The raging sore throat has settled into a dusty patch at the back of my throat. Malaise has given way to a modicum of energy. The pounding earache is only a little pulse of pain.
I might just be on the mend.
Last week, besieged by a miserable flu, I relented. Frayed along the edges of flu for four days, I finally faced the truth — you’re sick, you silly Shauna. Give in to it.
And yet, I had to let out a little sad sigh before I collapsed, letting you know why I wouldn’t be offering up words every day here.
You saved me.
I’m serious. I’m so moved by this community.
The doctor helped, and he seems to be right. This was a bad virus, and I just needed to rest it to the ground. However, when I asked him about treatment for my piercing earache and the lymph nodes in my neck swollen to the size of kumquats, something beyond ibuprofen and sleep, he shrugged and said, “Anything your grandmother might have recommended.”
Um, my grandmother, sadly, never offered me a single helpful word. What to do?
Here is what has been nursing me back to health, from the best of your comments and suggestions, in case anyone reading might be fighting that creepy feeling in the back of your throat and along your muscles:
hot baths with lavender. Ah, yes. I love the delicious thrill of extending my toes into soapy water, then slowly lowering the rest of me in. Somehow, when I’m busy, baths feel like a distant memory. When I am sick, they are a necessity.
Hot lemon water with ginger and cayenne pepper. There’s something soothing about lemons and heat. Fresh ginger (I pulled out the dried one for the photograph, because I had run out of all the fresh ginger from using it this week1), a touch of honey, and a dash of cayenne pepper for a kick. I must have drunk twenty-two cups of this in three days.
Gargling with salt water. Old trick, I know, but a good one. This works. Just don’t swallow.
Reed’s ginger brew. The Chef brought back a bag full of bottles of this, the first morning I finally admitted I was sick, after a trek to the store for healing supplies for me. I love the spicy carbonation, and it makes me feel like I’m drinking beer again!
Oranges and satsumas and kumquats — oh my! Citrus fruits rock. I love peeling them and stripping the pith and feeling the squelch of juice in my mouth. Vitamin C, of course, helps too.
Sleep and more sleep. The first day, when I finally gave in, I slept all day long, with little feverish waking periods rapidly followed by more sleep. When the manuscript is due and I have a hundred things let to do, this felt decadent. But the next morning, I awoke feeling halfway to human again. To that end, I was happy to discover that Nyquil is gluten-free. Yeah!
Chicken stock. The Chef made me quarts and quarts of it. I drank it hot and turned it into soups and slurped up more until my throat started feeling not so sore.
Sex and the City and Law and Order: SVU.
Someone suggested, wonderfully, all six episodes of the BBC version of Pride and Prejudice, in a row. If I had not watched that, just before meeting the Chef, I would have indulged again. Besides, I could only watch in little bursts before I fell asleep again. The Chef, however, has hooked me on SVU, which I had never seen before. Beware: if you watch it before going to bed and taking Nyquil, you’re going to have weird dreams.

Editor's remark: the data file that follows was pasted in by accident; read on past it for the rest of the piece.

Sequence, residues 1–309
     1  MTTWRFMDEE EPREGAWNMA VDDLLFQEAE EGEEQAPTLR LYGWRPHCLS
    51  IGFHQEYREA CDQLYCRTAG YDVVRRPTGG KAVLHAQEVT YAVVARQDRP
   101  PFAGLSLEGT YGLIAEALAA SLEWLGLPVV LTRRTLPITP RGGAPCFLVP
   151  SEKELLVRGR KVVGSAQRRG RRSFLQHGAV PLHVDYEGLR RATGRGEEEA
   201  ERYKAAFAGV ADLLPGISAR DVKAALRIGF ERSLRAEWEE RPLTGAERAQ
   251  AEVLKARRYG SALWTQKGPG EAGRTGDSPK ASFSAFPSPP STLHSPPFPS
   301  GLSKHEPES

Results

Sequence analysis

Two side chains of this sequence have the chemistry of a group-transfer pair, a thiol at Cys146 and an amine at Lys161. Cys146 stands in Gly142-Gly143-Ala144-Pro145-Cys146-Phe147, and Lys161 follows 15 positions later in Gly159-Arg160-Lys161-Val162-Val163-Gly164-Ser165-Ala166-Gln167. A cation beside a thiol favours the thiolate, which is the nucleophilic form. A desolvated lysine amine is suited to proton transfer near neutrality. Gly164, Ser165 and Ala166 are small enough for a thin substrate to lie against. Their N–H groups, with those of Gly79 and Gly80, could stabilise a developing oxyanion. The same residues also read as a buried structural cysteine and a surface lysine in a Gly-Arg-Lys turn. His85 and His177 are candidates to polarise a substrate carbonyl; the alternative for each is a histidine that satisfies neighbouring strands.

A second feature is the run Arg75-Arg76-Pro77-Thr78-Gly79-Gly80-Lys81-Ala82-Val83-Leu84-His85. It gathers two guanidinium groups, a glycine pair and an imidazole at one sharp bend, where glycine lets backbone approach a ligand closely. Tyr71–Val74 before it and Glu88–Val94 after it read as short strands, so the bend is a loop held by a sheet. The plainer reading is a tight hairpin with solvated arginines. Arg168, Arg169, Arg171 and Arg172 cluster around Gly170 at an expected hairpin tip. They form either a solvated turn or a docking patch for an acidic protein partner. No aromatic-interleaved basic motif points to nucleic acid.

Comments from my readers. When I would wake up and see that several more of you had sent in suggestions, I felt loved. And when I could start writing again, I felt a fervent urgent desire to write, for you. Thank you.
The Chef’s love. Sorry, everyone else, you can’t have this one. But hopefully, you have someone equally tender and solicitous. My entire life, since leaving my parents’ house, when I have been sick, I have done it alone. This time, I woke to him kissing me, walked into the kitchen to find breakfast made, answered the phone to tender questions and silly jokes. I have never felt so loved. That has to build the immune system too.
Saying yes. About the middle of the first day, when I was feverish and fretting about losing a day of writing time, I looked down at my wrist and say it again: yes. Yes, I have the flu, it seemed to be nudging me. And, what are you going to do, fight it? Part of the reason I had that tattoo emblazoned on me is to remind me: say yes to every moment as it arises, even if you don’t like it at first. Here I was, perniciously sick. Would I make myself any better by shouting no, no, no — I can’t be sick?! Silly Shauna. Say yes. Accept. Surrender.
I think, in the end, that made the biggest difference.
Well, that, and the hot toddies.
HOT TODDIES FOR THE FLU
1 good-sized shot of Scotch
1 tablespoon sugar
juice of 1/2 lemon
enough hot water to fill your cup
Pour the Scotch and sugar into the cup. Stir. Squeen the lemon juice in and listen to it sizzle against the alcohol. Fill the cup with hot water, just enough to cover if you want this strong, all the way to the top if you like your toddies weak. Stir. Drink.
Repeat, every night, until you are rested and wide-eyed with energy.
POSTSCRIPT, literally: Many of you have written to me, in the comments and on the flickr page, to warn everyone reading that Emergen-C is not safe for celiacs. Apparently, the raspberry and mixed berry have sometimes been found with traces of wheat in them. Or is it the other flavors? I’ve only had a few Emergen-C packets in my life, and one of them on the first full day of the flu. I haven’t had a reaction. Then again, maybe I would have been better that day without that one packet. Best to be on the safe side and ignore them completely.